Conventionally, education, the media and technology have been extolled as entities that make knowledge straightforwardly available, in an effort to guarantee the quest for truth. Nowadays, however, they appear to be the very contributing factors in the manufacturing and consumption of pseudo-knowledge, in a digital world that insists on blurring the lines between truth, quasi-truths, and falsehoods. Conversely, the perpetrators of (mis)information are the very units that should be championing what truth stands for. Governments, media, corporations and individuals are all participants in the current state of affairs – in more ways than one. The result? A bleak and bewildered journey toward tribalism, populism and extremism.
Grech’s book features a collection of 20 essays written by interdisciplinary scholars, from technologists and policy-makers to activists – hailing from ten countries and varying cultural backgrounds. They explore the true impact of media, emerging technologies, and education, where focus is given on the resilience of what really constitutes a post-truth society. This is done by promoting community participation, improved critical media literacy, journalism for the humanity’s wellbeing, techno-interventions and of course, lifelong learning schemes. The main message of this book is simple: all such facets can work symbiotically to foster a more involved global citizenry.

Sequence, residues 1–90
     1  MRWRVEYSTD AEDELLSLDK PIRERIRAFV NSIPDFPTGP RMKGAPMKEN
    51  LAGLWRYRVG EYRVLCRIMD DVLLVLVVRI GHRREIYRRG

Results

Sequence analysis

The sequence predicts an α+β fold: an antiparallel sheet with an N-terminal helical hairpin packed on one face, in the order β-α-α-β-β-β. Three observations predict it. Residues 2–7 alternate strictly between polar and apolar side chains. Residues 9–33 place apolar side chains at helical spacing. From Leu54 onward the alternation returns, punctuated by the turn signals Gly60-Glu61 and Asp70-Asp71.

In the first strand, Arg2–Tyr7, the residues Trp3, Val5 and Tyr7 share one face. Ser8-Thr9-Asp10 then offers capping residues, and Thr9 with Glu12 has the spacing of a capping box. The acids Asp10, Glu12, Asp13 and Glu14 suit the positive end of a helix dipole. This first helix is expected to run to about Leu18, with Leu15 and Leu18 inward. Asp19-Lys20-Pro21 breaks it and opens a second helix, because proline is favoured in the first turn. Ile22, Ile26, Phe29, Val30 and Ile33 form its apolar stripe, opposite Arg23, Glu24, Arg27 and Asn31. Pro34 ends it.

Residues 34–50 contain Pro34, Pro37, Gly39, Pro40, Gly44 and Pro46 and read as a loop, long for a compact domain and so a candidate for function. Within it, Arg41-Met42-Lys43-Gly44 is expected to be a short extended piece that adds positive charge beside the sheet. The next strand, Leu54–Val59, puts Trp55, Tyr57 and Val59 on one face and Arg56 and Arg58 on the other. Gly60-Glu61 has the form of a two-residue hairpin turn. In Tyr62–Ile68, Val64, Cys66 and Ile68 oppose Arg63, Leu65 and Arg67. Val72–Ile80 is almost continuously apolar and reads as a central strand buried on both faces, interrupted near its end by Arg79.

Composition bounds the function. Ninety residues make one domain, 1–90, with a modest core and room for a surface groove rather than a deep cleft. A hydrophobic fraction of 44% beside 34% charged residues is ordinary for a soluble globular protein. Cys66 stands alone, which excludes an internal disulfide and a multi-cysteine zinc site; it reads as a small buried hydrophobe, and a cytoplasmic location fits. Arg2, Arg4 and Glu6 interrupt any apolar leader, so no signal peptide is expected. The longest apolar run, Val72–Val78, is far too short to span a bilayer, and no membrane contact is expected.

Critical questions about the nature and power of knowledge in the 21st century are raised, as they challenge readers to rethink the part they play in perpetuating certain beliefs. Owing to perspectives that are diverse by geography, sector, gender and most significantly, world-views. Perhaps one of the greatest appeals of this anthology is its aim to reach an international readership who is attempting to comprehend the workings of dissemination of information. This, in a society where seeking the truth has become such a challenging feat, we find ourselves wanting to insulate ourselves from the truth by immediately labelling it as falsehood.
Some may pose the warranted question: what are the stakes for truth? To start off, truth is far from an abstract concept, in that it has direct impact on the way we categorise human communities, on our philosophies of justice and on our abilities to imagine the future. Nevertheless, we are faced with a collapse in public truth as a result of many different voices. This, in turn leads to a proliferation of speech. Truth itself is something that is going to be a ‘negotiated’ phenomenon. Determining what is an absolute truth is the biggest hurdle to overcome: how do we recognise multiple different voices?
The best way forward is to find and figure out a structure in which communities, civil societies can come together for the common good, to form opinions about facts in a framework that is consistent with this decentralised way in which the world is heading. Such structured dissemination of information should be designed to protect people in such a way that a ‘safe haven’ is always there for those in search for what is true and factual.
If like the contributors of this book, you have an inquisitive mind that incessantly questions this ubiquitous trend of misinformation, these essays will resonate with your thirst for knowledge and answer a multitude of questions. So be sure to add Media, Technology and Education and in a Post-Truth Society by Dr Alex Grech on your must-read booklist!